Psychoanalysis Under Occupation: Practicing Resistance in Palestine
Psychoanalysis Under Occupation: Practicing Resistance in Palestine documents the inter- and intrapsychic practices taken up by Palestinians to stave off the effects of what we refer to as “colonial extractive introjects,” which is where Fanon’s “alienation” theoretically meets Christopher Bollas’s “extractive introjections.” The book offers the story of Palestinian psychologists in relation to settler-colonialism and violence but, even more so, in relation to their patients, communities, families, and one another (as a clinical community). In this regard, Lara Sheehi and Stephen Sheehi track the appearance of settler colonialism as a psychologically extractive process, one that is often effaced by discourses of “normalization,” “trauma,” “resilience,” and human rights, with the aid of psychology and psychologists, as well as psychoanalysis. Therefore, we locate the process of maintaining the culture and psyche of, what we would call, “Palestinian presence”, not only with historical phenomena, but as a contemporary, sustained, and ongoing conscious and unconscious processes of life under and against settler-colonial conditions. In other words, psychoanalysis provides a theoretical framework for Palestinian clinicians and ourselves to understand the experiences of Palestinians and the conditions of Zionist settler colonialism and military occupation under which they live. Yet, within the current conditions of Palestine as a living space, Sheehi and Sheehi explore how Palestinian clinical engagement with psychoanalysis also forges a decolonial psychosocial theory appropriate to the realities and structures of Zionist settler-colonialism. More simply, Sheehi and Sheehi examine how psychoanalysis is itself used by mental health practitioners to navigate not only the occupation, but also to imagine new possibilities for Palestinian unity, activism, and liberation.
Author of: The Politics of Art: Dissent and Cultural Diplomacy in Palestine Lebanon and Jordan
If you’re looking for another book on victims of apartheid-induced trauma or a psychoanalysis of occupation, this is not it. Instead, Lara Sheehi and Stephen Sheehi have written a brilliant, insurgent work of decolonial theory and practice that centers the labor of Palestinian clinicians and their patients seeking to restore and sustain a sense of self, community, cultural integrity, and “presence” under the violence of settler colonialism. Building on and moving beyond Frantz Fanon, the authors understand the project of psychoanalysis in Palestine is not adjustment but resistance, liberation, and ultimately decolonization.
Chair in Global Law, Queen Mary University of London and Professor of Criminology and Social Work, The Hebrew University of Jerusalem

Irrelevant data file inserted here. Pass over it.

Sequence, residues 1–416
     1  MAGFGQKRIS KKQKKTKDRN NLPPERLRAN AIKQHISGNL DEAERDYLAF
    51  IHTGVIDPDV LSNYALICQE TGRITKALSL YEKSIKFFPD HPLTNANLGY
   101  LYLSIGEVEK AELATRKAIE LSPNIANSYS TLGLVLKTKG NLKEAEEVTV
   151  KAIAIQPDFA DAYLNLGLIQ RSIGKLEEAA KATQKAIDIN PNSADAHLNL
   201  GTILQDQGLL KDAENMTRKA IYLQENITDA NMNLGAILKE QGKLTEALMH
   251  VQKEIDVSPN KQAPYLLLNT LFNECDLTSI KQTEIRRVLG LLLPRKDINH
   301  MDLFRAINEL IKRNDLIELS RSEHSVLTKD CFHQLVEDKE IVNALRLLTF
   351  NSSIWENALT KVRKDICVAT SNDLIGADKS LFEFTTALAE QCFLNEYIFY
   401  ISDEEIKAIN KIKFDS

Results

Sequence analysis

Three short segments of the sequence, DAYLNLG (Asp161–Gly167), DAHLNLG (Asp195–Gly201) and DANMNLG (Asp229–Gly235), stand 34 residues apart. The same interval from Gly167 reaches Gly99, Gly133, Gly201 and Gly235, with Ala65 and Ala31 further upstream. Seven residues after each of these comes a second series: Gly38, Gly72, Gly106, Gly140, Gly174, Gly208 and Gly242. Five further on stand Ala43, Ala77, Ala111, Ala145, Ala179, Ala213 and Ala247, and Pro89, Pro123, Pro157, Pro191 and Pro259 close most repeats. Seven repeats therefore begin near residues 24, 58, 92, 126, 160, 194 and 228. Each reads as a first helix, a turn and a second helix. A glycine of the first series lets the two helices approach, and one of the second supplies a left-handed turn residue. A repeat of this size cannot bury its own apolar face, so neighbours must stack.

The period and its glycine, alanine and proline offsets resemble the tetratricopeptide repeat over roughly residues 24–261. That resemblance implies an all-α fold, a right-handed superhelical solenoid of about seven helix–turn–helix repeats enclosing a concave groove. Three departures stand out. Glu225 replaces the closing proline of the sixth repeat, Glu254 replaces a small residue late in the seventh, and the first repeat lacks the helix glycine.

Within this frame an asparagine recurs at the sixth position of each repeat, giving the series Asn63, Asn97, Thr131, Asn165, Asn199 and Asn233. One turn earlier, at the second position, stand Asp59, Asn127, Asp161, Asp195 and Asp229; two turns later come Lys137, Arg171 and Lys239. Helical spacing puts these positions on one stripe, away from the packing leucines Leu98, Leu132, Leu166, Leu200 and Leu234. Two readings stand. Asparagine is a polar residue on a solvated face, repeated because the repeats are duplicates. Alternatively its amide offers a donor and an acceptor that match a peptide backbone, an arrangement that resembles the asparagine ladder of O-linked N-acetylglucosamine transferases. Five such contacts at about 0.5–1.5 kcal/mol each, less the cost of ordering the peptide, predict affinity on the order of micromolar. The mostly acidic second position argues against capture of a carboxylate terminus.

Psychoanalysis Under Occupation makes a compelling argument that interrupts settler colonial epistemic violence. Theorized and discussed in a robust, sophisticated, and well-argued manner, Psychoanalysis Under Occupation prioritizes Palestinian clinician’s expressions, conceptualizing an Arab Palestinian theory of psychoanalyses and resistance. Lara and Stephen Sheehi’s thoughtful and sensitive examination of al-nafs is a major contribution to psychoanalytic decolonial feminist knowledge produced as/through a liberatory struggle.
Ph.D., Harvard Medical School, Massachusetts Institute for Psychoanalysis
Sometimes a book shakes you to your very core and makes you see the field you’ve practiced in for forty years in an entirely new way. This is that book. In bringing readers into the material realities of Palestinian life under Israeli Occupation, introducing us to Palestinian clinicians, patients, Israeli and Palestinian supervisors, Sheehi and Sheehi show clearly that the way psychoanalysis is deployed is literally a matter of life and death. They reveal the multiple ways psychoanalysis is mis-used by those consciously or unconsciously bent on normalizing a violent status quo. At the same time, by letting us listen in on the multiple ways that Palestinian patients and clinicians resist allowing their minds and bodies to be occupied, they reveal what is possible when psychoanalysis aims at liberation.
Professor of Social Science at the Institute for Advanced Study and to the Annual Chair of Public Health at the Collège de France
How must one deal with the mental suffering of Palestinian patients? Based on an exhaustive analysis of the work of clinicians in Palestine, Lara Sheehi and Stephen Sheehi reject the paradigms of trauma and re-silience, make the thought-provoking argument that these patients’ psy-chic life cannot be reduced to their experience of settler colonialism’s violence, and assert that their subjectivities remain open to desire, eman-cipation, and the will to live.